To highlight the discussions so far, we introduce a part of the structure of the early Otaki model1. The firm’s profit maximization problem gives

${p}_{t}=\frac{{W}^{R}}{1-{\eta}^{-1}}.$ (1)

Here p_{t} represents prices in period t, W^{R} is R reservation wage, and
$\eta $ the parameter. This can be regarded as markup principle. Reservation wage is determined by the labor supply of consumers, and hence, current and future price. So it can be rewritten as

${P}_{t}={\left(\frac{{A}^{-1}\beta}{1-{\eta}^{-1}}\right)}^{\frac{1}{1-\alpha}}{P}_{t+1},$ (2)

where A, $\beta $ , and $\alpha $ are the parameters. ${P}_{t}$ and ${P}_{t+1}$ are the current and

future price level. We find that the inflation rate ( $\frac{{P}_{t+1}}{{P}_{t}}$ ) is determined only in the

real economy. However, while the inflation rate is determined above, the price levels have not been determined yet. This is one representation of multiple equilibria problems. Multiple equilibria are the typical results in an OLG environment. To determine one equilibrium, additional assumptions are required, including the transversality condition and the interest rate condition. Also in the Otaki model, one more assumption is required. Otaki [1] unconciously added additional hidden assumptions. As a result, he found one Keynesian equilibrium among multiple OLG equilibria. Otaki [1] unconcously added the following assumption. “If government can arbitrarily control the real money balance

${m}_{t+1}=\frac{{M}_{t}}{{P}_{t}}$ ”. Here, ${m}_{t+1}$ is real money balance, ${M}_{t}$ is money supply. To see

that this is a hidden assumption, we review one equation in Otaki [1] . Equation (15) of Otaki [1] describes the multiplier effect as follows:

$\frac{{Y}_{t}}{{P}_{t}}=\alpha \frac{{Y}_{t}}{{P}_{t}}+\rho {m}_{t+1},$ (3)

here,
${Y}_{t}$ is output. We can see that real money balance affects
${Y}_{t}$ through the multiplier effect. The more real money balance (that increases fiscal policy) the government provides, the more output the economy produces. However, it is still undetermined whether the government can control
${m}_{t+1}$ or not. The policy variable is not
${m}_{t+1}$ , but
${M}_{t}$ . Controlling M_{t} would be equivalent to controlling m_{t}_{+1}, if P_{t} would be fixed. However, as we see in Equation (2), P_{t} is not undetermined because of multiple equilibria, therefore, P_{t} is not necessarily fixed. Then, controlling M_{t} is not equivalent to controlling m_{t}_{+1}. For example, if increasing M_{t} would be followed by increasing P_{t}, m_{t}_{+1} could not be controlled by the government. This is why “If government can arbitrarily control the real money balance m_{t}_{+1}” is an additional assumption.

Later, Professor Otaki seems to have recognized that it is an assumption, and additional assumption (one example is the assumption above) is required to solve the model. However, Is this an adequate and realistic assumption? If the

government can choose the cash balance ( $\frac{{M}_{t}}{{P}_{t}}$ ), is it equivalent to assuming

non-neutrality of money itself? It is clearly a strong assumption. In fact, seminal works including Otaki [1] [11] focuses not on this assumption, but on the implications of the model―the multiplier effects arising from government expenditures improve economic welfare. This claim is completely different from previous studies, such as Mankiw [9] and Reinhorn [10] .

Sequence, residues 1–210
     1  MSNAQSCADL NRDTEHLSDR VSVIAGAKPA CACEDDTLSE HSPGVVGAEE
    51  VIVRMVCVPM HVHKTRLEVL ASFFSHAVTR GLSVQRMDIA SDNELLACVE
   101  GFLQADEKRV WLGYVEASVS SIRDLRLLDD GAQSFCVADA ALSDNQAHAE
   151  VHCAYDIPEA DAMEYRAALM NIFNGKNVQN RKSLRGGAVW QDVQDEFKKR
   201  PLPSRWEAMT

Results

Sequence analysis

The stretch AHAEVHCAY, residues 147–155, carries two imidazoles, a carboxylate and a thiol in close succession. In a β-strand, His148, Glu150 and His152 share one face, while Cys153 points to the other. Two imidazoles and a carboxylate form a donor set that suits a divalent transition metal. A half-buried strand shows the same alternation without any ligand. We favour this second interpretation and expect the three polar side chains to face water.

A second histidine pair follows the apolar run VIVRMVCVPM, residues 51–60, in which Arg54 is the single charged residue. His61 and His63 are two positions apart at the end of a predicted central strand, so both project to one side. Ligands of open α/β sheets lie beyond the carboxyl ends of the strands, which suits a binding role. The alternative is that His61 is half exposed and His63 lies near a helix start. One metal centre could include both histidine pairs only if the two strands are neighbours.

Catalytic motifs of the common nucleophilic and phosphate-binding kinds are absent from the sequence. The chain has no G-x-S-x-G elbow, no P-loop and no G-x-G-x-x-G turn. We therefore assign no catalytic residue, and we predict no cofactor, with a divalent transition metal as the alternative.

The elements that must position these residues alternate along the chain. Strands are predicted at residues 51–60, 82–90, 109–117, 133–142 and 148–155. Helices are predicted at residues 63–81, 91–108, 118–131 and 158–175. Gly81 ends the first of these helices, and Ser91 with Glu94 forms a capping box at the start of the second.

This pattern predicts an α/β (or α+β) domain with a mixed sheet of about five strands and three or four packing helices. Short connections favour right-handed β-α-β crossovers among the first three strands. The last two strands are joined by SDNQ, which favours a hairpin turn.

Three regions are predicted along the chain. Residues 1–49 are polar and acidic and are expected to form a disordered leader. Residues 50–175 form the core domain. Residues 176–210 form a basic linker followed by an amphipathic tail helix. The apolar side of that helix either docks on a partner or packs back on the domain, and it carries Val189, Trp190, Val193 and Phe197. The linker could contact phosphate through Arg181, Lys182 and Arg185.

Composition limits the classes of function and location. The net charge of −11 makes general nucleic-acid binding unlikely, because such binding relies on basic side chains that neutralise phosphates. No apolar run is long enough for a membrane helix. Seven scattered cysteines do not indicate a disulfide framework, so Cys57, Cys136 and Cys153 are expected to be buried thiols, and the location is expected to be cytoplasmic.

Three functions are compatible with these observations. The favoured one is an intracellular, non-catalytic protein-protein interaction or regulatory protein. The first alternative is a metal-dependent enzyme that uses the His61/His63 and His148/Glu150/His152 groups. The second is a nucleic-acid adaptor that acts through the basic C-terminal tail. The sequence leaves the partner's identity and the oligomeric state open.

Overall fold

3. Otaki Model in 2011-2018 and Its Assumptions

Professor Otaki recognized a hidden assumption, and sought other assumptions to pin down one of multiple equilibria. Then, he focused on the expectation formations since multiple equilibria are consistent with multiple expectation formations. Because each equilibrium arises from its rational expectation, each equilibrium has its specific expectation formation. In this sense, expectation formations can be considered assumptions of the model.

Otaki implicitly changed the assumption of the Otaki model. While the hidden assumption of the early Otaki model is that the government can control the real cash balance, which of the late Otaki model is that people have expectations that money supply does not affect the price level. Otaki called this assumption “credibility of money”. He substituted this assumption for the former one from 2011.

This new assumption implies that consumers do not care about money supply and monetary policy by the central bank, or do not believe that they affect the consumer goods’ prices they face in their daily lives. This may seem to be an irrational assumption from the perspective of neoclassical economics. However, Otaki proves that this expectation is rational, that is, in a particular equilibrium, this expectation comes true.

From 2011, the Otaki model and its variations, such as Otaki [2] - [7] , have included this assumption. Under “credibility of money,” expectations are self-fulfilled, that is, money supply actually does not affect price level. This indicates the non-neutrality of money. In short, the expectation of money credibility results in non-neutrality of money, which in turn, is equivalent to the government being able to control real cash balance. These explanations are illustrated in Figure 2.

To observe this, suppose the money supply does not affect the price level.

Then, $\frac{{M}_{t}}{{p}_{t}}$ can be controlled at any level by the government’s choosing, ${M}_{t}$ .

Thus, the government decides on the real cash balance. In short, the assumption of “credibility of money” works similar to the assumption of the early Otaki model.